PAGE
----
Vets Promote Canine Flu Vaccine After Los Angeles Outbreak – NBC 7 San Diego
Veterinarians are encouraging dog owners to consider vaccinating their pets against canine flu after a breakout was reported in Los Angeles County.
Zarah Hedge, DVM, Chief Medical Officer of the San Diego Humanitarian Society, said the last strain of canine flu was reported in California in 2015. She said it was not a common virus but could be spread easily. Hedge said most dogs don’t have immunity to the virus, which is why she advises dog owners to meet with their vet to discuss vaccinating their furry friend.
âI was at the dog park and someone asked me, ‘Does your dog have the vaccine?’ and I didn’t know it, âJessica Corona said. She is a dog owner and often visits the dog park. She said she was unfamiliar with the canine flu vaccine, but is now considering getting her dog vaccinated.
“Don’t panic about the outbreak in Los Angeles, but be on the lookout,” said Hedge, who explained that there had been no reports of dogs with the flu to the San Diego Humane Society. and that she had not been alerted to any cases in San Diego County.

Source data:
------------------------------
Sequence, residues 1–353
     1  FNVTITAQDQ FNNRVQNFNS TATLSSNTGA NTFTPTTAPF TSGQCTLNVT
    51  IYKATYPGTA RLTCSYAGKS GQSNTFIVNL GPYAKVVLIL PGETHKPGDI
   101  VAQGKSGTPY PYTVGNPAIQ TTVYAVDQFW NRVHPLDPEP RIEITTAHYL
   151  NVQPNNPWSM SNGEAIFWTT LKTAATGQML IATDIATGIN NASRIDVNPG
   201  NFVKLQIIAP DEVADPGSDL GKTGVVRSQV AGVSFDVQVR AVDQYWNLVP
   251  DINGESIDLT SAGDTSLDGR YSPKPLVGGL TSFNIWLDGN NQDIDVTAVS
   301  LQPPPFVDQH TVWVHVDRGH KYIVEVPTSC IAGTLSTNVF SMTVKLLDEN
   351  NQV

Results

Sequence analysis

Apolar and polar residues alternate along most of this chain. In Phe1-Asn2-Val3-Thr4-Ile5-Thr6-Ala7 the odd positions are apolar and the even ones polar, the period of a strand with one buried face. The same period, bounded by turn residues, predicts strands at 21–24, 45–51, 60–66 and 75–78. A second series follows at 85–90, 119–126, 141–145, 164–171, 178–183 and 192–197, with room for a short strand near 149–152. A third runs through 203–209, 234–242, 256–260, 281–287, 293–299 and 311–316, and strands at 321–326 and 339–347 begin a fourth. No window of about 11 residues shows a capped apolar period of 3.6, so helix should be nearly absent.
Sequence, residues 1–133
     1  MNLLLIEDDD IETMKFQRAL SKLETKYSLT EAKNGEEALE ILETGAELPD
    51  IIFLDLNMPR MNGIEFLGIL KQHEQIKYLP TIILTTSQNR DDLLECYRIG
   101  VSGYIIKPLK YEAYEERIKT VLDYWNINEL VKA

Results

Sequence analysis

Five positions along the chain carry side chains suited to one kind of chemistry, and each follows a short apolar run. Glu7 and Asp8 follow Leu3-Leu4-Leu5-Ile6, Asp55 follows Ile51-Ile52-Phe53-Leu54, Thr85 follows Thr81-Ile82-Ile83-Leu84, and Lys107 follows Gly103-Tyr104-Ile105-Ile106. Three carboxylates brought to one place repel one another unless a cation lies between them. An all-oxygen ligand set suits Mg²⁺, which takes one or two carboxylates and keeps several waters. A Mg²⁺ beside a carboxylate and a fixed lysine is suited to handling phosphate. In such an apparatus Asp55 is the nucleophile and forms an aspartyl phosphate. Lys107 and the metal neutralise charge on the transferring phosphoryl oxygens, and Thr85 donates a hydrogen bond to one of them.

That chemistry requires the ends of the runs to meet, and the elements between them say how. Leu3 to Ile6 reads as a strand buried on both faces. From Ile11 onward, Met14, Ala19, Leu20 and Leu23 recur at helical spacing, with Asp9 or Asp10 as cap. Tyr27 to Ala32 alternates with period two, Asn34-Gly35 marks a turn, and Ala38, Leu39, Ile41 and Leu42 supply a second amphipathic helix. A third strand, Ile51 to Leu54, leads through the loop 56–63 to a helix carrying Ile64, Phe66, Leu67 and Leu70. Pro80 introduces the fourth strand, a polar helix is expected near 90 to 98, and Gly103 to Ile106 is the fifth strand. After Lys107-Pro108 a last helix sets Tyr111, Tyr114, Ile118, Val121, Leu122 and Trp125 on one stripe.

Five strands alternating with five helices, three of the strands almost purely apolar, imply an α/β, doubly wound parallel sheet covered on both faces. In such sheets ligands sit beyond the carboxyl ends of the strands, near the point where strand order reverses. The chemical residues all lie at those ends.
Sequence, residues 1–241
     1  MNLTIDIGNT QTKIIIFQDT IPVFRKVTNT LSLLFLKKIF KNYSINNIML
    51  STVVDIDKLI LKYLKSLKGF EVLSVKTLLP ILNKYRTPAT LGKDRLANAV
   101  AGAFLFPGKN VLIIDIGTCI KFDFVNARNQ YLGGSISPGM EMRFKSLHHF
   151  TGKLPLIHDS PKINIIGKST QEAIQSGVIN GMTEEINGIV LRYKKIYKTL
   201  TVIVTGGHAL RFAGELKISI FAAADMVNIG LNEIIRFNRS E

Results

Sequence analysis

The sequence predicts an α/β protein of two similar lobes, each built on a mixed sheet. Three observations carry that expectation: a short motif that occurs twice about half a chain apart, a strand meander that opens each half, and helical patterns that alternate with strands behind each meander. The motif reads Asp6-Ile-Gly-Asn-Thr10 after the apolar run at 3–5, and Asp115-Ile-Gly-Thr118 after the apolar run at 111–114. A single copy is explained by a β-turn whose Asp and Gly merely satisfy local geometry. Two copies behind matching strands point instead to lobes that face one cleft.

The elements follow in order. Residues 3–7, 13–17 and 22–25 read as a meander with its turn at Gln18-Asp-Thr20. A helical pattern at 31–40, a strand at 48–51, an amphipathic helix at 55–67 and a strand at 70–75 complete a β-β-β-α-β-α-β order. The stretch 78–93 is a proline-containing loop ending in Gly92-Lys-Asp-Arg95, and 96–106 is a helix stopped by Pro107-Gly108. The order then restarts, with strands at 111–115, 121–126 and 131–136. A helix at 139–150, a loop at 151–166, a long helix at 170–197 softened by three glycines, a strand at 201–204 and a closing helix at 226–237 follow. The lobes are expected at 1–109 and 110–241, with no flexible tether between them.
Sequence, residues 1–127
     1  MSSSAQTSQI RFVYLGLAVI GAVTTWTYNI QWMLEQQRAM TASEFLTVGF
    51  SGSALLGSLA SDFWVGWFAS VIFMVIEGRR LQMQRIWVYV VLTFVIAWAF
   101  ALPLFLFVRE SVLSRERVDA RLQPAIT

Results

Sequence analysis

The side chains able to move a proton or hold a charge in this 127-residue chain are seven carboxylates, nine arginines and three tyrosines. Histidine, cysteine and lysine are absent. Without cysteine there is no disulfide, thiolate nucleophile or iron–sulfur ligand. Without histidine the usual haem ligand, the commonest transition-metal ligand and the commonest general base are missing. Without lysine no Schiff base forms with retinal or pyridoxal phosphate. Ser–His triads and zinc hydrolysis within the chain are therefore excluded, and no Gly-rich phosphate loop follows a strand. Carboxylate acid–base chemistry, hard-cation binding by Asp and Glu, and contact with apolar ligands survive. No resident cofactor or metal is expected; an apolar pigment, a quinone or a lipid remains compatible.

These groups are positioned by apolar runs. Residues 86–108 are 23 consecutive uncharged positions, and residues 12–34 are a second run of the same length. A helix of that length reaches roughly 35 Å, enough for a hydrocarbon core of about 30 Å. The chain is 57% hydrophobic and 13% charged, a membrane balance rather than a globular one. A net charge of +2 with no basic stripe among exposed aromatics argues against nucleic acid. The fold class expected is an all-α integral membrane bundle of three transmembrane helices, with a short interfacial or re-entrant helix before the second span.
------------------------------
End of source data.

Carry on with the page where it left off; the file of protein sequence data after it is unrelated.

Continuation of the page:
Hedge said it might be difficult for pet owners to identify canine flu symptoms.
âIf you notice your dog is coughing or sneezing, has a runny nose or eyes, it could be a variety of different viruses,â Hedge said. Hedge stressed the importance of seeing a veterinarian if dog owners notice cold or flu-like symptoms.
âIt could be very important to make sure your dog has the flu shot and to make sure it’s a vaccine that covers both variants of the flu virus. Especially if they go to places like boarding schools, groomers, dog daycares, dog parks, anywhere they go around lots of other dogs.
Hedge also said that young dogs and those with health problems may be more likely to develop serious illness from canine flu.